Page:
Miami Heat

How much pain does Heat’s Goran Dragic feel in his left elbow? He explained Tuesday

Goran Dragic provides update on injured elbow

Goran Dragic said he’s going to try to give it a go tomorrow against the Boston Celtics.
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Goran Dragic said he’s going to try to give it a go tomorrow against the Boston Celtics.

Goran Dragic said his strained left elbow felt a little bit better on Tuesday and he’s going to receive all the treatment he can over the next 24 hours with the hopes of getting back on the court Wednesday to help the shorthanded Miami Heat against the Boston Celtics.

“The swelling went down a little bit, but still the pain is there,” the Heat’s starting point guard said Tuesday after practice. “So we’ve still got a night to try to do treatment as much as possible. We’ll go from there [Wednesday].”

Dragic, 31, missed his first game of the season on Monday and the Heat dressed only nine healthy players in a loss to the Atlanta Hawks, who own the worst record in the league. Miami turned it over 19 times.

Dragic said he’s been wearing a compression sleeve and doing ultrasound and laser treatments. He categorized the pain on a scale from 1 to 10 as “a 5 or a 6.”

“It’s not stiffening or loosening, it’s just the pain is always there,” he said. “When you rotate the elbow on the outside, that’s what really bothers me.

“I mean I feel like I can fight through a lot of injuries. But this injury is kind of a specific one because there’s so many aspects of the game that you need to do, especially when you’re passing the ball, when you’re shooting. You’re never in that comfort zone. But like I said, we’re going to see tomorrow.”

▪ Did anything stand out from Monday’s game tape?

“Certainly the way we’ve been defending recently, we didn’t bring that kind of game last night,” coach Erik Spoelstra said. “We paid for it. It’s a learning lesson. A very winnable game on the road, regardless of how many guys we had.

“It’s not necessarily even what we did that night. It’s more about us and committing to the things that are important to our success. And it sounds very obvious, but when we get away from that, we’ve paid the price, losing games. So, for us, we have to be able to defend at a high level, keep teams under 100 points. We have to play efficient offense, where it’s a collective effort, not necessarily one guy scoring 30 or 40. The last part of that efficiency, is we have to take care of the basketball. When we have high numbers of turnover, it makes it very tough for us to overcome that inefficiency to find a way to win.”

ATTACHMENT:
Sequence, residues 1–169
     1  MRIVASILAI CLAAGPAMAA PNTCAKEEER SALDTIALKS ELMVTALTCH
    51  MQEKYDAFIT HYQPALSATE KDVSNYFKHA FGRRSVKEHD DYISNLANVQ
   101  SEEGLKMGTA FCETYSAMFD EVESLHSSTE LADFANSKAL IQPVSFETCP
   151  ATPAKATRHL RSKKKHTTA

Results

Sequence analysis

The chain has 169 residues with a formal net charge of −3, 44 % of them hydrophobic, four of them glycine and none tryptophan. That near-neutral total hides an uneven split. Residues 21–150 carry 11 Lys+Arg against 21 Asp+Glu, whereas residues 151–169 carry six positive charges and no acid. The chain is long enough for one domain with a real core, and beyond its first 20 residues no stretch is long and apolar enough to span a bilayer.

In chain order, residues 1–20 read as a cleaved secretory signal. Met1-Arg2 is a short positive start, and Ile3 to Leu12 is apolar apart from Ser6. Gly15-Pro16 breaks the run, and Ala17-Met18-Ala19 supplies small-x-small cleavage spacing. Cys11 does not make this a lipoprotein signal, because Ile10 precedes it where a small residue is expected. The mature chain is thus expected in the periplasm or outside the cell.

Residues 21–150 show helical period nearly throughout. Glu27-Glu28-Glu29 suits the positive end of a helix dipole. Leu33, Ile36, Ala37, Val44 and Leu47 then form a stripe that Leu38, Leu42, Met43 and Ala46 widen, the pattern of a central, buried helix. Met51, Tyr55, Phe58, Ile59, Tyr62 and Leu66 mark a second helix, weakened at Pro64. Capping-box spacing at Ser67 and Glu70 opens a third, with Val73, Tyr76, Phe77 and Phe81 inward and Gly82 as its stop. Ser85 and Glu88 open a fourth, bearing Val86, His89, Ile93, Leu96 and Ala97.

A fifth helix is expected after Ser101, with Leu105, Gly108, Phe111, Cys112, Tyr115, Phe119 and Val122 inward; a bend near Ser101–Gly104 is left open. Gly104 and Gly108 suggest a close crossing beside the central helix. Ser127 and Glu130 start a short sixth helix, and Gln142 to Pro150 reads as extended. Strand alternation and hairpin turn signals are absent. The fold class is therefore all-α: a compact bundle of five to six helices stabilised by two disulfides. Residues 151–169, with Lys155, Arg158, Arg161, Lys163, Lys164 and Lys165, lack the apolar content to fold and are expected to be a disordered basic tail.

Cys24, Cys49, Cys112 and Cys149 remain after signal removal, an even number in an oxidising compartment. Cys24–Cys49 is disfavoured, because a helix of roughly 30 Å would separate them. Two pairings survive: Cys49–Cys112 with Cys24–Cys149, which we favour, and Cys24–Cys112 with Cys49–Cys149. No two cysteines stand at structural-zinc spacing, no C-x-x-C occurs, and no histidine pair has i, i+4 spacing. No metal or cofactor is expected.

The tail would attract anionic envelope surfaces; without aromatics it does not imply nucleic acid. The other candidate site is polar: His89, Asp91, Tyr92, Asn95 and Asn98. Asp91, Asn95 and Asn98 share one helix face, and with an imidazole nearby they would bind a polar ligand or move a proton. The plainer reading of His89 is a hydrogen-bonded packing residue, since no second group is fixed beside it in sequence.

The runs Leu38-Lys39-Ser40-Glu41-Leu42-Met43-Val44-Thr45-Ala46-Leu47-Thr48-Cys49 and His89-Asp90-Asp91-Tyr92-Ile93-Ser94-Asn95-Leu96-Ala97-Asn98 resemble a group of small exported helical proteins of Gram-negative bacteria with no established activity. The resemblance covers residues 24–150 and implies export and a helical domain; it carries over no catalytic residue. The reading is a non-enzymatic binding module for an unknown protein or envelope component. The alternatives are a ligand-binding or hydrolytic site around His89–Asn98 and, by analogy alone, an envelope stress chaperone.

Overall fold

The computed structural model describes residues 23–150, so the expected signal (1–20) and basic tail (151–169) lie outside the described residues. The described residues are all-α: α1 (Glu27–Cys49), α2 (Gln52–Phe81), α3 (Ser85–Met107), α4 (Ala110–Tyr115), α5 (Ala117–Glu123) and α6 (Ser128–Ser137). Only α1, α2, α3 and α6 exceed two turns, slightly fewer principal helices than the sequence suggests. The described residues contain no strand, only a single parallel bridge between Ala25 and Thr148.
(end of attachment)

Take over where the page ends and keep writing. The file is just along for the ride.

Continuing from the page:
▪ The Heat fell to 0-12 when trailing after three quarters. Last season, Miami was 8-35 in those games.

“So let’s not get behind,” Spoelstra said with a hint of laughter. “We have a couple, if not more, personalities to our team. When we’re really locked in and engaged from the beginning, setting the tone, we’ve shown that we’ve been able to carry that out through the course of the game. When we’ve come out sluggish or not played inspired basketball in the first half, we’ve had a tough time overcoming that.”

▪ To help with the number of injuries, the Heat on Tuesday called up guard Matt Williams Jr. from its G-League affiliate the Sioux Falls Skyforce. Williams is on a two-way contract.

“It’s good to have extra bodies,” Spoelstra said. “Obviously we needed Derrick last night. Matt, our view on him is this year’s about development. So it’s developing as a professional, being reliable, learning how to be a two-way player. Not a two-way contract, but a two-way player, to defend and learn how to maximize his shooting ability in the context of a team.”

Williams Jr. has appeared in 16 games (all starts) with Sioux Falls this season averaging 9.6 points, 3.3 rebounds, 1.3 assists and 30.3 minutes while shooting 33.8 percent from the field, 33.9 percent from three-point range and 85.7 percent from the foul line. His 41 three-point field goals this season are the second most on the team.

“My mindset is whether I play or whether I not, just to go in and make sure I encourage the guys and make sure when my name is called be ready to produce,” Williams Jr. said.

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